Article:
Cape Town’s Transportation Crisis

October 4, 2018
0 Comment

Economic growth is closely linked with the distances we are able to travel. Whilst daily traffic congestion has become the favoured topic of complaint amongst Capetonians, the damage being done by an inefficient transport ecosystem goes far beyond the inconvenience of frustrated motorists. A clear correlation exists between the quantity and quality of transport infrastructure and levels of economic development – efficient transport systems and the mobility it confers are directly linked to levels of output, employment and income within the national economy.

There can, therefore, be little growth in employment opportunities whilst most of our citizens struggle to access economic opportunities that are centralised in CBD’s and other economic hubs, far removed from marginalised communities. This fact was not lost on the architects of Apartheid spatial planning who intentionally placed black and coloured communities as far away from economic opportunities as possible, whilst ensuring a dearth of suitable public transport infrastructure. This effectively caused unemployment to be built into the spatial planning architecture, a situation that persists to this day.

Earlier this year, the Central Line – a critical commuter rail service relied on by thousands of workers, was shut down for months. During this time busses went on strike and taxis were at war, resulting in significant loss of productivity as employees simply could not get to their places of work. This is not sustainable and unless government and industry urgently start working together to resolve this public transportation crisis, inclusive economic growth and job creation will remain an elusive dream.

There have been numerous collaborative attempts to improve Cape Town’s transport crisis in the short-term; including everything from carpooling and corporate shuttles, to non-motorised transport solutions such as bicycle lanes. These solutions have started chipping away at the problem, however remain short-term interventions and will not shift the needle over the long-term as they remain largely inaccessible or impractical for the majority of commuters. We urgently need to address the critical shortage of suitable mass transportation systems such as rail.

Adding to the transportation crisis was the announcement of SA’s largest fuel price hike in history during October. Excluding months where fuel taxes were hiked, this is the largest single fuel price increase SA has ever had to endure. The Automobile Association (AA) estimates that this increase will extract a further R2.5bn from the SA economy, casting further doubt on the prospect of a much-needed economic revival. The cost of doing business will go up and consumer disposable income will diminish, further stagnating our ailing economy.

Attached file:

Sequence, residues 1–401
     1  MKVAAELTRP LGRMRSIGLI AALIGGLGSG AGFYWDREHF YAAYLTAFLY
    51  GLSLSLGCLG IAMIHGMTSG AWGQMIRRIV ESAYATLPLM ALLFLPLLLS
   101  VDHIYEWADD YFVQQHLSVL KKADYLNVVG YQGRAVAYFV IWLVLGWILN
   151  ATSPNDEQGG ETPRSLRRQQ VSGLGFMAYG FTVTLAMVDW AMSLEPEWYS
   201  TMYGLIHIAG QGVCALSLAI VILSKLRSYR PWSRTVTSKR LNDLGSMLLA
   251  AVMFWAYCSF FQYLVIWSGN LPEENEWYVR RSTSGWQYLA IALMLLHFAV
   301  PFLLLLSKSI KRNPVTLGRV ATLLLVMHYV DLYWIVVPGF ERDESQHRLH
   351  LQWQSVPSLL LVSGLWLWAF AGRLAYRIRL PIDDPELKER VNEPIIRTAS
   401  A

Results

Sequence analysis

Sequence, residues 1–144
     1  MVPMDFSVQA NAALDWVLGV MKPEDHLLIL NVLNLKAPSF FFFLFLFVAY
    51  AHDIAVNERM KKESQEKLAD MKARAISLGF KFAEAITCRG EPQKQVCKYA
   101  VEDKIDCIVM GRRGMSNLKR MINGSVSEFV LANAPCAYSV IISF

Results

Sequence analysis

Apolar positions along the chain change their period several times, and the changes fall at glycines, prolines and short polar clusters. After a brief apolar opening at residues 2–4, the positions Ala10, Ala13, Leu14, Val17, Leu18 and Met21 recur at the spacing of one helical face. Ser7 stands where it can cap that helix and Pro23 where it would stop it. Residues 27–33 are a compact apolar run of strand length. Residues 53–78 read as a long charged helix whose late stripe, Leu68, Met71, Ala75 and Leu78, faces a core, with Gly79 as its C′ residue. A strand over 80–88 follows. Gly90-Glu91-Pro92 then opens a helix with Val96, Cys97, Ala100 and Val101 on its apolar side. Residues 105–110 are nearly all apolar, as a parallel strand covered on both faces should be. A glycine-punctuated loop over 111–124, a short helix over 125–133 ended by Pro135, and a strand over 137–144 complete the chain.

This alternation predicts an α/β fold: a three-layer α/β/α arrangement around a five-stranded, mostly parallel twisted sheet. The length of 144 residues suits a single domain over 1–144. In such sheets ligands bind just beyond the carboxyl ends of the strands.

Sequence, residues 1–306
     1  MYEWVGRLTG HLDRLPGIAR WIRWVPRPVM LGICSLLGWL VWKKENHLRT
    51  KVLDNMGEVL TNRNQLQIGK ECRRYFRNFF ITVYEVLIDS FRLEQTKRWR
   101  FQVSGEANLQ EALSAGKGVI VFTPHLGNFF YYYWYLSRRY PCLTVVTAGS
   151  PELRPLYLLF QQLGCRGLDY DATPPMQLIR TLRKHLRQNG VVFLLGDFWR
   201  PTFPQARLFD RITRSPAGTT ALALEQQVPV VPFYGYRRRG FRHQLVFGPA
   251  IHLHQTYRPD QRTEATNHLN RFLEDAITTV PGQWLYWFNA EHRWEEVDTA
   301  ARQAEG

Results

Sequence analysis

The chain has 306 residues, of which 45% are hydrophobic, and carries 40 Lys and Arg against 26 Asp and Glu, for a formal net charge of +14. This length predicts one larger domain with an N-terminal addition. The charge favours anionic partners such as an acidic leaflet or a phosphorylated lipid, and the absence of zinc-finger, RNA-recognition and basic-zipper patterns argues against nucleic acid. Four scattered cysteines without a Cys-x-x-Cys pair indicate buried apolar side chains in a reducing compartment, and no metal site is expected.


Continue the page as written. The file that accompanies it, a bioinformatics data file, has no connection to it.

Many will argue that we are subject to global events such as the rapidly rising oil price pushing up fuel prices, however we should not discount the importance of key policy decisions and the resultant impact on the value of our currency. The depreciation of the rand has massively exacerbated the impact of rising oil prices and global trade wars. The reverse would however also most likely hold true, in that positive policy decisions that provide clarity and certainty with respect to issues such as expropriation of property without compensation, or firm political will to deal decisively with issues such as state capture, would assist in strengthening our currency and alleviating the extent of further oil price shocks for motorists.

Cape Town will always be constrained geographically when it comes to building new road infrastructure as our city centre is wedged between the mountain and ocean, and most of our major highways converge on the Foreshore, resulting in significant daily bottlenecks. Improvements to our roadways in other parts of the city simply result in motorists getting to the bottleneck sooner, thereby extending the daily congestion further and further down the road. Interestingly, recent research has shown that nearly 80% of motorists arrive to the CBD in single-occupancy vehicles. Increasing levels of vehicle occupancy, through initiatives like carpooling and shuttle services, will have a significant downward impact on the number of vehicles clogging up our roads, but with Cape Town being the fastest growing city in SA, this will provide temporary reprieve at best.

The solution is a clean, safe and efficient commuter rail system. This will only be possible through unprecedented collaboration between the public and private sectors. We need innovative thinking, new models of public infrastructure development, and unwavering political will to see this done.

[top]

Leave a Reply

Your email address will not be published. Required fields are marked *